What if a simple algorithm were all it took to program tomorrow’s artificial intelligence to think like humans?
According to a paper published in the journal Frontiers in Systems Neuroscience, it may be that easy — or difficult. Are you a glass-half-full or half-empty kind of person?
Researchers behind the theory presented experimental evidence for the Theory of Connectivity — the theory that all of the brains processes are interconnected (massive oversimplification alert) — “that a simple mathematical logic underlies brain computation.” Simply put, an algorithm could map how the brain processes information. The painfully-long research paper describes groups of similar neurons forming multiple attachments meant to handle basic ideas or information. These groupings form what researchers call “functional connectivity motifs” (FCM), which are responsible for every possible combination of ideas.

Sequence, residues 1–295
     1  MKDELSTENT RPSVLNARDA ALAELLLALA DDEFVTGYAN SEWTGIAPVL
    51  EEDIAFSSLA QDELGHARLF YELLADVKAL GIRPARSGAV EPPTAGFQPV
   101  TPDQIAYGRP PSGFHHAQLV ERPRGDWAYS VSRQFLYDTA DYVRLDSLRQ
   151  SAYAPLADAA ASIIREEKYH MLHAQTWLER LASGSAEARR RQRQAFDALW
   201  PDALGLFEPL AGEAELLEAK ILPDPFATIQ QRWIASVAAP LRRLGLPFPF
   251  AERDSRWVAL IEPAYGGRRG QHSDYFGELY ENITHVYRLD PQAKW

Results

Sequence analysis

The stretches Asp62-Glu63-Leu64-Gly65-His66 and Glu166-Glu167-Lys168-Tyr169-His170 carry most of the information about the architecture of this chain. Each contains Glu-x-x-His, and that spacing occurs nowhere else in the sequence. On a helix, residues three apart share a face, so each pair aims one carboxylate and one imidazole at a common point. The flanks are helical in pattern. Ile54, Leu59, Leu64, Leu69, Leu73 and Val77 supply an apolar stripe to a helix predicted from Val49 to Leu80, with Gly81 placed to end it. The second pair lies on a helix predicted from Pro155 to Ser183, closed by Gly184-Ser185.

To test the theory, the team analyzed and documented how the algorithm worked in seven separate regions of the brain. Each region handled primal responses like fear, or food, in lab rodents. Researchers then charted the number of groupings, or cliques, by providing one of four different food combinations — rodent biscuits, pellets, milk, or rice — and listening to the brain’s response. Overall, they charted 15 unique combinations of responses, all which seem to be pre-wired in the brain. Upon presenting the food to the rodents, the responses happened naturally and disappeared after the stimulus was gone.
Being able to visualize how the brain works in algorithmic form is a fascinating idea. Unfortunately, this algorithm isn’t the key to being more intelligent, at least in humans. In robots, however, the ability to understand the inner-workings of the brain could lead to breakthroughs in artificial intelligence that have our future robot companions thinking a lot like we do.
Or, you could just shove it in a Roomba and watch while it refuses to vacuum your floor.
via Business Insider
Brain Computation Is Organized via Power-of-Two-Based Permutation Logic on Frontiers in Systems Neuroscience
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